The Haus der Kulturen der Welt is a place for international contemporary arts with a focus on non-European cultures and societies. Its name translated in English is “The House of the World’s Cultures”. It is located in Germany’s capital city of Berlin between the Spree River and the Tiergarten Park near Brandenburg Gate and the Reichstag Building.

The construction of the Haus der Kulturen der Welt was completed in 1957 and comprises a 1,024 seat auditorium and concert hall, a 300 seat theater, three conference rooms, two multifunctional foyers, a bar, a restaurant, a shop and a 5,400 square meter roof terrace used for open air concerts and as an outdoor cafe. The various halls are used to presents artistic productions from around the world including visual arts, music, literature, performing arts, films, digital media and academic discussions.

The dominating feature of the building is its roof which seems to float in thin air. The building has been nicknamed the “pregnant oyster” because the roof is round with a gently curve and has hidden pearls to discover inside. The photos below help to see the curves of the roof from several different viewpoints.

The two photos below show the Haus der Kulturen der Welt from the Teirgarten park entrance and the Spree River entrance making it is Berlin’s only event venue with its own riverboat station.

Each summer the Haus der Kulturen der Welt is home to the Wassermusik (meaning water music) summer festival that is themed to a different part of the world each year. The festival consists of concerts, films and literature. The 2022 theme is “The Mississippi is the cradle of American music” and will include jazz, funk, blues, Cajun, zydeco, R&B and folk music.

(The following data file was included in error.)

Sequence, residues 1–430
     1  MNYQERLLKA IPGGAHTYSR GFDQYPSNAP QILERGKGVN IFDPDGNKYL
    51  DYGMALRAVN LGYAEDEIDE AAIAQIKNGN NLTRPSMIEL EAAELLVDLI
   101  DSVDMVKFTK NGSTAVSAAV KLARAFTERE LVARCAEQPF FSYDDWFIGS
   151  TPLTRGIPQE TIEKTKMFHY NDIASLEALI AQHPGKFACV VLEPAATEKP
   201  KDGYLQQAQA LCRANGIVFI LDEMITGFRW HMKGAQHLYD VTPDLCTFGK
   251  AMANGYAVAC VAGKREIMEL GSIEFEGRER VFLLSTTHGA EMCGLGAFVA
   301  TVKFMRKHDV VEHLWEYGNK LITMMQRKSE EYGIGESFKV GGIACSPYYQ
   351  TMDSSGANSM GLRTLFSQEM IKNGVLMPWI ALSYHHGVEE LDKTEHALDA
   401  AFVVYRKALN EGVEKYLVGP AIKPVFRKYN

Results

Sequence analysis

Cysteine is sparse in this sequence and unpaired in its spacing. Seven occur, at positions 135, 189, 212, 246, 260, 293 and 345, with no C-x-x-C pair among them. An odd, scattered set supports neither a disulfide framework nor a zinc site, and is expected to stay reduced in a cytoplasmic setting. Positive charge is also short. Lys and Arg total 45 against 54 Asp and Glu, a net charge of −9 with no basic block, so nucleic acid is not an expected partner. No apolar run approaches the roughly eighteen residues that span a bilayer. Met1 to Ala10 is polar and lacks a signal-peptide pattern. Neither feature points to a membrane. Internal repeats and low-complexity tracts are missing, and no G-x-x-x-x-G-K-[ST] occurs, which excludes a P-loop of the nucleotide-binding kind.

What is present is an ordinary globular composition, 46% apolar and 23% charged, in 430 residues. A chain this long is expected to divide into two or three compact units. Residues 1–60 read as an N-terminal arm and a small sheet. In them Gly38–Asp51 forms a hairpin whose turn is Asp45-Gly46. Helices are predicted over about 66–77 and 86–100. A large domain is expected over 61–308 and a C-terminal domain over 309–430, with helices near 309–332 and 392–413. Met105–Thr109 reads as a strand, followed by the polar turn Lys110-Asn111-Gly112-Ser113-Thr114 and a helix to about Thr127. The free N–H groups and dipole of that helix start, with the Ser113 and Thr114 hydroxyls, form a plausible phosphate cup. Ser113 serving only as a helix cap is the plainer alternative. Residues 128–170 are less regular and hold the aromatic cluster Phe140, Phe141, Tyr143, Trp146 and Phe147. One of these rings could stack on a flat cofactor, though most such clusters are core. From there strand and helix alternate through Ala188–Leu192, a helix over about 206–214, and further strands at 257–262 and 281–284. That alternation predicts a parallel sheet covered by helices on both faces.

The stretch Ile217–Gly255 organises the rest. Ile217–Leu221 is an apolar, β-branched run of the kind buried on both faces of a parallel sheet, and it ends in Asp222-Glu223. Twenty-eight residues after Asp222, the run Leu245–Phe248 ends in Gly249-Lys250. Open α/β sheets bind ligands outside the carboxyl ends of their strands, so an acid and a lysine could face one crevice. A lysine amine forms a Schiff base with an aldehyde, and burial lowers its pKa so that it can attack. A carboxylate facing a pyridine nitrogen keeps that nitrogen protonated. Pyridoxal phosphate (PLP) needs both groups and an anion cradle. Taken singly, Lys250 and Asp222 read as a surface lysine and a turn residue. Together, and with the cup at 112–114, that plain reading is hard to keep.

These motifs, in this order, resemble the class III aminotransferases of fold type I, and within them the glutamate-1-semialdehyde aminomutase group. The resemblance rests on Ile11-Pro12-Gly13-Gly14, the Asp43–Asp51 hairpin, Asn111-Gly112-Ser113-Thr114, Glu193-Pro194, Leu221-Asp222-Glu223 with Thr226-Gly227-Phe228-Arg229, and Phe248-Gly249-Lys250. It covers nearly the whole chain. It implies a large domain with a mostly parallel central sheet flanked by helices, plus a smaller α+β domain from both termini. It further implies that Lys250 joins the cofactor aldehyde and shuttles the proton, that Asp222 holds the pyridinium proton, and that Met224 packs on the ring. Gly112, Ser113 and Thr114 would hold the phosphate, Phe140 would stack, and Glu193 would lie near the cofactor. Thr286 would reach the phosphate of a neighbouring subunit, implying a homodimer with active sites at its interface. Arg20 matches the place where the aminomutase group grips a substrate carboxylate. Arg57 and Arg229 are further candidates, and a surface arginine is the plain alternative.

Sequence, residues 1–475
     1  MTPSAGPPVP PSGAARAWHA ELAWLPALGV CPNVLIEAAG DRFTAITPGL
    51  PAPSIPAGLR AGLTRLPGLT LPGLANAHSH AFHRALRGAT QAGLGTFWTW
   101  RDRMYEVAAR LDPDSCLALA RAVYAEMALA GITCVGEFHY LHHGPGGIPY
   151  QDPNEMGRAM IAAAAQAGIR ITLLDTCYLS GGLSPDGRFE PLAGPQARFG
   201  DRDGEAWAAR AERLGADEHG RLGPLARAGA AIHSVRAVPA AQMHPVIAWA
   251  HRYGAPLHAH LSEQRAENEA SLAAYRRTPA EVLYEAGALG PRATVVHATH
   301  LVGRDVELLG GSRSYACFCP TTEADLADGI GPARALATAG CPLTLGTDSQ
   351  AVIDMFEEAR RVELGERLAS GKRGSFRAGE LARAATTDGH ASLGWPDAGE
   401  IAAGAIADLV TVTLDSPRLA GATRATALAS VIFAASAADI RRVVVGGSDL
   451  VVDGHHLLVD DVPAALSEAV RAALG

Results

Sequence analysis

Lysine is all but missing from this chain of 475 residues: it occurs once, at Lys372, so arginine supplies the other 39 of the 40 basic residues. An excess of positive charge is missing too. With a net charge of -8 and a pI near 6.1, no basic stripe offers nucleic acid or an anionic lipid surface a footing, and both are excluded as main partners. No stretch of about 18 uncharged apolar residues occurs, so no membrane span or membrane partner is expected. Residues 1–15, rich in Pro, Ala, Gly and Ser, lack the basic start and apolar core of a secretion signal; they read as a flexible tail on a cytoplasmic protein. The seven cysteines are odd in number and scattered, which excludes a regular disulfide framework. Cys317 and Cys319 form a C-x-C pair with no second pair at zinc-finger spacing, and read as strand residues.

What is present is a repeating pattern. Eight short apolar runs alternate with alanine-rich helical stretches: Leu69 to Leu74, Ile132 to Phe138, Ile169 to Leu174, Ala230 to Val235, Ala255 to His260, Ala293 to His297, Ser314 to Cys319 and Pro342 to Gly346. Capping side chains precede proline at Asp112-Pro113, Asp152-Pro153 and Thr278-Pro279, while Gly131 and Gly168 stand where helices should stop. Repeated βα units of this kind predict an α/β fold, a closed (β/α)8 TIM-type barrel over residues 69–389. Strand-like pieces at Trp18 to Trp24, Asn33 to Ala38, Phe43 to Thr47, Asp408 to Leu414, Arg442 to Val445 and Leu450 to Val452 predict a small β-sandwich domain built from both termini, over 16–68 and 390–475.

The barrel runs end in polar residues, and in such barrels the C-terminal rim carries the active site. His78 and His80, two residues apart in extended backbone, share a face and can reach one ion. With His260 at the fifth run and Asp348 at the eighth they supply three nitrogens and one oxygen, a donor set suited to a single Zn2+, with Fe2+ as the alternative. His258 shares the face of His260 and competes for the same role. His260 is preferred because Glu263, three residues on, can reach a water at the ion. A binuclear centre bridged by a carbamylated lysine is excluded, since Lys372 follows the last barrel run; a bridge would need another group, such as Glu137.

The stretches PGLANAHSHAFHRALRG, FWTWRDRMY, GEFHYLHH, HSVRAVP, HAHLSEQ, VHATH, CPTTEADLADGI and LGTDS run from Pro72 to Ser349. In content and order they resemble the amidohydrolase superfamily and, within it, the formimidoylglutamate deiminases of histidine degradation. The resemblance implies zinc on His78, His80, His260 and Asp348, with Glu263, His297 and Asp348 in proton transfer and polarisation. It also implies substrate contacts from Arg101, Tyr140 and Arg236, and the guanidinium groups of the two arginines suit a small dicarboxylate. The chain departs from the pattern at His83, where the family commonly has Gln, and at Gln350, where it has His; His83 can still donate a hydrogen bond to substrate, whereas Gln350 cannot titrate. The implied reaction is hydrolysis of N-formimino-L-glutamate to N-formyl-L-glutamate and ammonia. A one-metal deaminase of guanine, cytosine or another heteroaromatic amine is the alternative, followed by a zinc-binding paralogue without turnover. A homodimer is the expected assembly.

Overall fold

Most of my follower know that one of my favorite times to photograph is the late evening and at night time. The final photos on this post are a series of photos taken as the evening transitioned into night. These photos highlight that the unique architecture of the Haus der Kulturen der Welt is not hidden by the darkness but it is also beautiful at night.

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One of my favorite unforeseen experiences from my travels has been discovering new cultures, learning how other people live their lives and seeing many different ways other people do things. It has opened my eyes to learning that a similar goal can be accomplished in many different ways.

My travels have shown me that just because other people do things differently than the culture that I came from we have very similar desires for our life.

The Haus der Kulturen der Welt is a great venue for letting people from Berlin get exposures to other cultures without needing to travel around the world.

We plan our travels to experience places that we desire to see and do things that we can’t do in the places where we live but sometimes the unforeseen experiences of learning about the cultures of the places we visit can be just as valuable as the experiences that we traveled to see.

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